Formula 1
Formula 1
28 Mar
Event finished
R
Emilia Romagna GP
18 Apr
FP1 in
2 days
R
Portuguese GP
02 May
FP1 in
16 days
09 May
Next event in
22 days
23 May
Race in
39 days
R
Azerbaijan GP
06 Jun
Race in
53 days
13 Jun
Race in
60 days
27 Jun
Race in
74 days
04 Jul
Next event in
78 days
18 Jul
Race in
95 days
R
Hungarian GP
01 Aug
Race in
109 days
29 Aug
Race in
137 days
05 Sep
Race in
144 days
26 Sep
Race in
165 days
R
Singapore GP
03 Oct
Next event in
169 days
10 Oct
Race in
179 days
R
United States GP
24 Oct
Race in
193 days
31 Oct
Race in
200 days
R
Australian GP
21 Nov
Race in
221 days
R
Abu Dhabi GP
12 Dec
Race in
242 days

Schumacher and Hamilton compared, by those who worked with both

Lewis Hamilton’s achievement in matching Michael Schumacher’s career total of 91 grand prix wins has rebooted the discussion about how two of the greatest Formula 1 drivers of all time compare.

Hamilton is also set to match Schumacher’s total of seven world championships this year. However, it’s not just about analysing the statistics – what about their personalities and the way they went about winning?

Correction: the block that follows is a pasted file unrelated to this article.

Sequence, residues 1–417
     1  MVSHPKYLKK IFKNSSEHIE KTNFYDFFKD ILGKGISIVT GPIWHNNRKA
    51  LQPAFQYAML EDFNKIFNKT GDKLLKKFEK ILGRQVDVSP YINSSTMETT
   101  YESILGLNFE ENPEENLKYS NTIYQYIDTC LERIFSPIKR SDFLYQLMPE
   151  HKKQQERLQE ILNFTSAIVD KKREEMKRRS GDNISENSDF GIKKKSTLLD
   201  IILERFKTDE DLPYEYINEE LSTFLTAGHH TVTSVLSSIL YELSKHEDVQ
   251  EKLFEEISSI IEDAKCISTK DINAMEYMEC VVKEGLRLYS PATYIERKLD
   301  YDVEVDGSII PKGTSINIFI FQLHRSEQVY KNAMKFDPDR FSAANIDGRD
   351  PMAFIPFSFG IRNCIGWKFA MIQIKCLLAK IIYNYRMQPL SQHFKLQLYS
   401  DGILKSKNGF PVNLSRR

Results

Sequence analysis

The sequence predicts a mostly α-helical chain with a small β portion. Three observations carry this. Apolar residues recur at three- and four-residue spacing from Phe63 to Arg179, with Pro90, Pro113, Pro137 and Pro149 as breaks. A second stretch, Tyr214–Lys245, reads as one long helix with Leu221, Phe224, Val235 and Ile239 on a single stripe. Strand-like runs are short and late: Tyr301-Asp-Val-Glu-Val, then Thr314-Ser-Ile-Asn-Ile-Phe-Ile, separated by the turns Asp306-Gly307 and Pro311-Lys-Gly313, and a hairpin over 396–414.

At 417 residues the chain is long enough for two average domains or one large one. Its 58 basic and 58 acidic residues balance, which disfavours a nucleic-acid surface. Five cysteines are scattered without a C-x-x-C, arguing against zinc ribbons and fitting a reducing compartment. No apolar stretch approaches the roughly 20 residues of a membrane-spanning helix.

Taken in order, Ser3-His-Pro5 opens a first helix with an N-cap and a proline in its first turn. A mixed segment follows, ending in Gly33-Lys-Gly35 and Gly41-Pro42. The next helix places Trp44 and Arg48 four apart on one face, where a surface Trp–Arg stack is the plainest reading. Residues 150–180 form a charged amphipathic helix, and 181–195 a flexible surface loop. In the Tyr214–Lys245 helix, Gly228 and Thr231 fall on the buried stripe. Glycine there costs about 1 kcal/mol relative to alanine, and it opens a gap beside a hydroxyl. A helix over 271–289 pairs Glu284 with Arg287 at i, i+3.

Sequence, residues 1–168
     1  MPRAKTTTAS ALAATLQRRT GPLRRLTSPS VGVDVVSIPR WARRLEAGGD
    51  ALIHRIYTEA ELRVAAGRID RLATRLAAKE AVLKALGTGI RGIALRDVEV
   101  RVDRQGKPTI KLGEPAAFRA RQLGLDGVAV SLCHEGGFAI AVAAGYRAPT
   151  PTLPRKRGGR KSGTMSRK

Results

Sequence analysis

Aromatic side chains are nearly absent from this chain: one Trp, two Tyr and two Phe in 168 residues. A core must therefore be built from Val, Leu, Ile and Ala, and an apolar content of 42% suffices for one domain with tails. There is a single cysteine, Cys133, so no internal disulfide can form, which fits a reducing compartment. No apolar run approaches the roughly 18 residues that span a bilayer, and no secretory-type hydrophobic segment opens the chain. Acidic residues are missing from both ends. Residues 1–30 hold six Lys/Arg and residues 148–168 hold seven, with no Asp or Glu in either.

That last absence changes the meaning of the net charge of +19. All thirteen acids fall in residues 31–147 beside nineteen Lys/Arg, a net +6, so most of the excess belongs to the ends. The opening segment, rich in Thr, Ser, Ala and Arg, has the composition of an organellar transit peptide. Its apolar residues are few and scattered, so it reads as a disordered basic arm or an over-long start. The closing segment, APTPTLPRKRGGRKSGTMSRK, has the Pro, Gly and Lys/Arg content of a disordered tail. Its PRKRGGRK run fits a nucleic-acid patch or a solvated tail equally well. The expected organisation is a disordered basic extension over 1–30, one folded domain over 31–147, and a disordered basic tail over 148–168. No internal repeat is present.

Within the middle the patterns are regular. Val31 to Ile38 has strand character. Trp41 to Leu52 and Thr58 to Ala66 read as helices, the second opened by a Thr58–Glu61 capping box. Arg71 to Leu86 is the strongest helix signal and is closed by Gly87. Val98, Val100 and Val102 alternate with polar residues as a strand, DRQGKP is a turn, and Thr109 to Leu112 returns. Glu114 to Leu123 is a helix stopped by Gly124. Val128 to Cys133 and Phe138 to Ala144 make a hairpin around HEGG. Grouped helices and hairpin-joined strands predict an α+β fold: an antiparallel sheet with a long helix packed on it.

The men who perhaps have the best appreciation of how they stack up are the guys who worked closely with both drivers.

As technical director, Ross Brawn was one of the architects of Schumacher’s successes at Benetton and Ferrari, and then as Mercedes boss he tempted him out of retirement in 2010.

Later he played a key role in getting Hamilton on board, although he left the team before the titles began to pile up in the hybrid era.

“It’s a remarkable achievement,” noted Brawn of Hamilton’s 91st win in his F1 column this week. “Michael always said that records are there to be broken, but I admit I didn’t expect to see this one broken so soon.